Plains Folk | Prairie Public Broadcasting

Plains Folk

Once a week during Main Street, weekdays at 3 pm CT with a repeat at 7 pm CT.
  • Hosted by Prairie Public

Plains Folk is a commentary devoted to life on the great plains of North Dakota. Written by Tom Isern of West Fargo, North Dakota, and read in newspapers across the region for years, Plains Folk venerates fall suppers and barn dances and reminds us that "more important to our thoughts than lines on a map are the essential characteristics of the region — the things that tell what the plains are, not just where they are." 

Ways to Connect

Prairie Wolves

Sep 14, 2019

It can be confusing to read, in documents of early prairie settlement, references to “prairie wolves.” The creature of note is no more a wolf than a prairie dog is a dog or a prairie chicken is a chicken. Canis latrans, known in parts south as the coyote, was christened the prairie wolf by early travelers on the overland trails, who first encountered it on the prairies.

The Cows Came Home

Sep 7, 2019

One day in October 1907, a herd of milk cows belonging to townspeople in Pembina broke into a pasture that belonged to a farmer named Jim Kneeshaw.

“The town herd got into solitary confinement in Kneeshaw’s pasture on Wednesday,” the local editor remarked drolly, “because they seemed to like Jim Kneeshaw’s young timothy better than other feed. The matter was finally fixed up between Messrs Kneeshaw and Mr. Allen the herder -- and the cows came home as usual at night.”

The Town Herd

Aug 31, 2019

“The large amount of grain that has been seeded near town will necessitate the herding of stock now running at large,” announced the Dickinson Press in 1883. “Mr. S. Burnside proposes starting a town herd and will herd all stock at the low rate of $1.00 per head per week.”

Well into the middle of the twentieth century, prairie townspeople kept milking cows at their residences. They had fresh milk, but at the cost of some public nuisance and personal trouble. To take care of the problem, there arose an institution known as the “town herd.”

Ice Age

Aug 24, 2019

Climate change is a subject I hesitate to introduce, for fear of igniting disputes between political partisans debating anthropogenic climate change--that is, change caused by human actions--and what ought to be done about it. I am a historian, so that is not what I do. It is historical climate change that I propose to introduce to the discussion, here, and abroad, among the historical scholars of the Great Plains.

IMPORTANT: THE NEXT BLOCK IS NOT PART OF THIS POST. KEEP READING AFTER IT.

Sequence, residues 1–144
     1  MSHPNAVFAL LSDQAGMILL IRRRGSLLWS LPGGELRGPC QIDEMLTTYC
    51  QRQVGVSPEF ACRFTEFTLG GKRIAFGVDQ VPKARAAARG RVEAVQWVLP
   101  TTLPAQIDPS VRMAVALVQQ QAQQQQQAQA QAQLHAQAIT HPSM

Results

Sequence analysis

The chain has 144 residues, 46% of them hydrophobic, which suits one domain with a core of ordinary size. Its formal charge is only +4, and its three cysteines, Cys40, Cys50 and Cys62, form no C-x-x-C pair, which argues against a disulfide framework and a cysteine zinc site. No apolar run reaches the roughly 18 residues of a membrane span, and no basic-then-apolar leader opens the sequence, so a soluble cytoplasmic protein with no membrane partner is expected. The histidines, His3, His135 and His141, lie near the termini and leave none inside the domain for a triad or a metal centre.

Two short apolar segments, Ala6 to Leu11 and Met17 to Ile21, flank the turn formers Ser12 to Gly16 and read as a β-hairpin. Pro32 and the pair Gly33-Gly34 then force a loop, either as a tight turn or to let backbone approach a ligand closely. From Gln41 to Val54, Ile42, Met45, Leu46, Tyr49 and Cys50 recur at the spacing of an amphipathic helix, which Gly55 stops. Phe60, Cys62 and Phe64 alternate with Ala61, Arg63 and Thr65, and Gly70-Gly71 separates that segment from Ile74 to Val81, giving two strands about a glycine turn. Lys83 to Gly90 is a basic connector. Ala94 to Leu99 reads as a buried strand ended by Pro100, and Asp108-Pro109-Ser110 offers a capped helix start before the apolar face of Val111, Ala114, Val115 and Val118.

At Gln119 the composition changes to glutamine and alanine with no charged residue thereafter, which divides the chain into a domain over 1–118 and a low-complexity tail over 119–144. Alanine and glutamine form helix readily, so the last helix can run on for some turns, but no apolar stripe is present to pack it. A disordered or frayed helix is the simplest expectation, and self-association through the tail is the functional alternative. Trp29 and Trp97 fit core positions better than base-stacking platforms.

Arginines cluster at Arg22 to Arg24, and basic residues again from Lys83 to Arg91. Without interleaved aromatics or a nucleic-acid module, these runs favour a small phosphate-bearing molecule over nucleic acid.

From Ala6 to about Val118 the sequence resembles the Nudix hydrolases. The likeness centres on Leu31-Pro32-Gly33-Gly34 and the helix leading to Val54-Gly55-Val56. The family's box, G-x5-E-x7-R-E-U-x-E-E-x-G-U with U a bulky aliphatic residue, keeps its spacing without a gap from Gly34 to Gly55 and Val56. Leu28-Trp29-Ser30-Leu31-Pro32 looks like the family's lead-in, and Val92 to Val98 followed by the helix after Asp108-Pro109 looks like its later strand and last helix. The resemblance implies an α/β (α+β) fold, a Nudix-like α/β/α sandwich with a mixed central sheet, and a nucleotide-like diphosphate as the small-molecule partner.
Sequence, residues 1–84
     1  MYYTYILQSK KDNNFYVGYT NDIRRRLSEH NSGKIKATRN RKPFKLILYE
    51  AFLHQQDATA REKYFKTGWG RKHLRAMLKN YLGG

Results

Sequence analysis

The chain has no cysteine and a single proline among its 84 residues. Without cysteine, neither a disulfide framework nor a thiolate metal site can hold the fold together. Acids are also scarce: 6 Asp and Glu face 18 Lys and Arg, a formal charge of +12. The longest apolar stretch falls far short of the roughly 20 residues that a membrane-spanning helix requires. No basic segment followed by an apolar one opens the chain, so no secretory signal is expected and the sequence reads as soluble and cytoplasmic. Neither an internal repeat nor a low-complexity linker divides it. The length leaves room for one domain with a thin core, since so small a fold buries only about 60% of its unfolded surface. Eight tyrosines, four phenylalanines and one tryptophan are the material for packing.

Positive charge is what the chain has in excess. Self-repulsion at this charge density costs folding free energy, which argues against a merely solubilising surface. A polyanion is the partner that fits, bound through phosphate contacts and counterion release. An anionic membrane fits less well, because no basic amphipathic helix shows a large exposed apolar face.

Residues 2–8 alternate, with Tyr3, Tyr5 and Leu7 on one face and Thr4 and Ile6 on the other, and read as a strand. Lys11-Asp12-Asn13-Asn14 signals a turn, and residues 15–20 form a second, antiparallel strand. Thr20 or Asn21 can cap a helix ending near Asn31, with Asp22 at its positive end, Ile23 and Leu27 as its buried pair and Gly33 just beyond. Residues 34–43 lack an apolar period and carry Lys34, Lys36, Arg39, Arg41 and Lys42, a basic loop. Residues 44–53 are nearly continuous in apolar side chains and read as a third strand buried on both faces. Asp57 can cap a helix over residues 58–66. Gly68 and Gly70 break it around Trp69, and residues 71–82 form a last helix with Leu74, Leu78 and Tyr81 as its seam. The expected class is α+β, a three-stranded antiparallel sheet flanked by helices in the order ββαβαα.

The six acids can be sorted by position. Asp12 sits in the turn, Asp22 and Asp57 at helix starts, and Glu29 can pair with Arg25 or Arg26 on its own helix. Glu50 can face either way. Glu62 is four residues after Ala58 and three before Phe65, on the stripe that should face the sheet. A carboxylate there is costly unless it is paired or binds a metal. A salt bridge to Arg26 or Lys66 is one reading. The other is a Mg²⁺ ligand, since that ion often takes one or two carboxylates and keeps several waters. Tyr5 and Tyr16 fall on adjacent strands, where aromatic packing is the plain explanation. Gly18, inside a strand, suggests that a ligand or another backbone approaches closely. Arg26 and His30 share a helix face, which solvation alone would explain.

A couple of weeks ago I detailed that scandalous episode in the history of the Flickertail State, the great gopher-tail fraud case of Ransom County, 1900, which had to be settled by the state supreme court. The court’s opinion hinged on the funding provisions of state law authorizing counties to pay bounties for gopher tails.

The most prominent historian in the history of African Americans in the American West is Dr. Quintard Taylor, of the University of Washington. He is a revered--some might even say formidable--scholar. He is the empressario of the go-to website on black history in America, which is called Black Past.

The Second Baptist Church, Bismarck, North Dakota, organized in 1917 to serve the African-American residents of the city, some of whom previously had attended the predominantly white First Methodist Episcopal Church--now known as McCabe United Methodist Church.

On October 17, 1900, the supreme court of North Dakota upheld the conviction of one Robert H. Stewart, a resident of Sargent County, for “having fraudulently obtained money from Sargent county by means of a false, forged, and fictitious instrument. . . . This is one of a series of offenses,” writes the court, “which appear to have been committed in that county by various persons, and which are known as the ‘gopher-bounty frauds.’”

The Food Cache

Jul 20, 2019

Sean Sherman calls himself the Sioux Chef. That’s in the title of his book, The Sioux Chef’s Indigenous Kitchen. S-i-o-u-x Sioux, as in Lakota, not sous chef, as in the hands-on guy who runs a kitchen operation and reports to the executive chef. So if you have a distaste for puns, you can stop listening now, while I talk about The Sioux Chef’s Indigenous Kitchen, published by University of Minnesota Press.

Great Plains Geology

Jul 15, 2019

Great Plains Geology, by R. F. Diffendal Jr., is a recent volume in the Discover the Great Plains Series of handbooks organized out of the Center for Great Plains Studies, University of Nebraska, and published by University of Nebraska Press. The author is professor emeritus of geology, UNL, and has a strong record of writing for academic and popular audiences.